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Can social media tame fake news? (Dangal 2019)

IANS  |  New Delhi 

Major platforms like and are aware of the damage can cause to the election process in But none has one simple solution to eliminate the impact that can have on millions of voters.

After facing flak from the government, giants are in a huddle and have devised some tools and launched a few initiatives to fight and political bias, in collaboration with the of

TikTok has also reached out to the to comply with its instructions and establish an escalation channel, abiding by the model code of conduct.

"We have also informed that we will not serve any paid political advertisements on our platforms in throughout this election period," ByteDance, which operates apps such as TikTok and Helo, said in a statement shared with IANS.

Facebook-owned messaging platform intensified its fight against soon after dozens of lynching incidents in the country last year were linked to rumours spread on its platform.

From launching awareness programmes on dangers of on TV, radio and digital platforms to limiting the number of forwards to five, the messaging platform has introduced several measures.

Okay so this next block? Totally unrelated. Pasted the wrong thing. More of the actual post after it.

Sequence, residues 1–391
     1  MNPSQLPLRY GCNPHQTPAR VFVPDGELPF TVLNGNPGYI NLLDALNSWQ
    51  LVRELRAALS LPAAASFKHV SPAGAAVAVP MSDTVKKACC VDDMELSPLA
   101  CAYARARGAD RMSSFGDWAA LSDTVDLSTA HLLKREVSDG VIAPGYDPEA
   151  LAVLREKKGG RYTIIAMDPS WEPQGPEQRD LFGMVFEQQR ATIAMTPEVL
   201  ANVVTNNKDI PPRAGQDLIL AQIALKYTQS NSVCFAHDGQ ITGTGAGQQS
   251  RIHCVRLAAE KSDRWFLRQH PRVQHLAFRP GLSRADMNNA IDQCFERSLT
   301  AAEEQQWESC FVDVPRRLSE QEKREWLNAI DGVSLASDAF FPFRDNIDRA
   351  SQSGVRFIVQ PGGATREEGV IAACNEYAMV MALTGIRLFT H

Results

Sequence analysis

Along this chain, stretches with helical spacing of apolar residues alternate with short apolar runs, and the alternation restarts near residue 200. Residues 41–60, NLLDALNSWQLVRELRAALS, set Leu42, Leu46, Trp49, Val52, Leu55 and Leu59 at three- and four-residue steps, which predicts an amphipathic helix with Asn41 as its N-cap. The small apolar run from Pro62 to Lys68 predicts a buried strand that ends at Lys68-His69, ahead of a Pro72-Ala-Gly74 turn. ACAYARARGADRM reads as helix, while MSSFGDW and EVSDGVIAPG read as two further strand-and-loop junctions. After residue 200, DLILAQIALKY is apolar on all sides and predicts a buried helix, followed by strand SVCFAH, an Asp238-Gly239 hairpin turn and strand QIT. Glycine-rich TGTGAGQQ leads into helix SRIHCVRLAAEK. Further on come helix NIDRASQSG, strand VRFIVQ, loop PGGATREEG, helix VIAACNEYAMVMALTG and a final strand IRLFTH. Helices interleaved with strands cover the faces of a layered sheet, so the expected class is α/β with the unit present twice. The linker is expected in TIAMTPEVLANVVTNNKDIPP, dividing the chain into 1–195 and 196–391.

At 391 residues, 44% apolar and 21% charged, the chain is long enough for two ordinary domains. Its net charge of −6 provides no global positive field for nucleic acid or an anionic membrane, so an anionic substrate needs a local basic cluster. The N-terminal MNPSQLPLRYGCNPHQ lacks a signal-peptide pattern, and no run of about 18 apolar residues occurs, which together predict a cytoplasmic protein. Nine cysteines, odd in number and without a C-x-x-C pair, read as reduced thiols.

"We're pleased that the recent changes we've made to limit viral content and educate users is having an impact. This work is never done -- there is more that we can and will do," India head said in a statement this week.

WhatsApp's parent company is also banking on a multi-pronged strategy to fight fake news ahead of the elections. From verifying political ads to expanding the third-party fact checkers programme in India and making information labelled as fake less visible on News Feed, the has taken several measures to reduce the impact of

Richard Allan, Facebook's for Global Policy Solutions, said recently that the company was establishing a task force comprising "hundreds of people" in the country to prevent bad actors from abusing its platform.

Facebook's political ad tracking has gone live for India, showing ad spends from the parties and their affiliates.

Micro-blogging site Twitter, which earlier faced accusations of being "slow" in removing "objectionable content" and "political bias" from its platform, has started showing billing details of political ads as its for the country went live this week.

According to Twitter's of Public Policy, Colin Crowell, has now put in place a dedicated team for maintaining site integrity and focused on cleaning that might affect the voting process in India.

Would these efforts deter the unofficial troll army of political parties from posting misinformation?

This not even are sure of as, in their own words, there is much more to be done on this front.



(This story has not been edited by Business Standard staff and is auto-generated from a syndicated feed.)

First Published: Thu, March 14 2019. 17:46 IST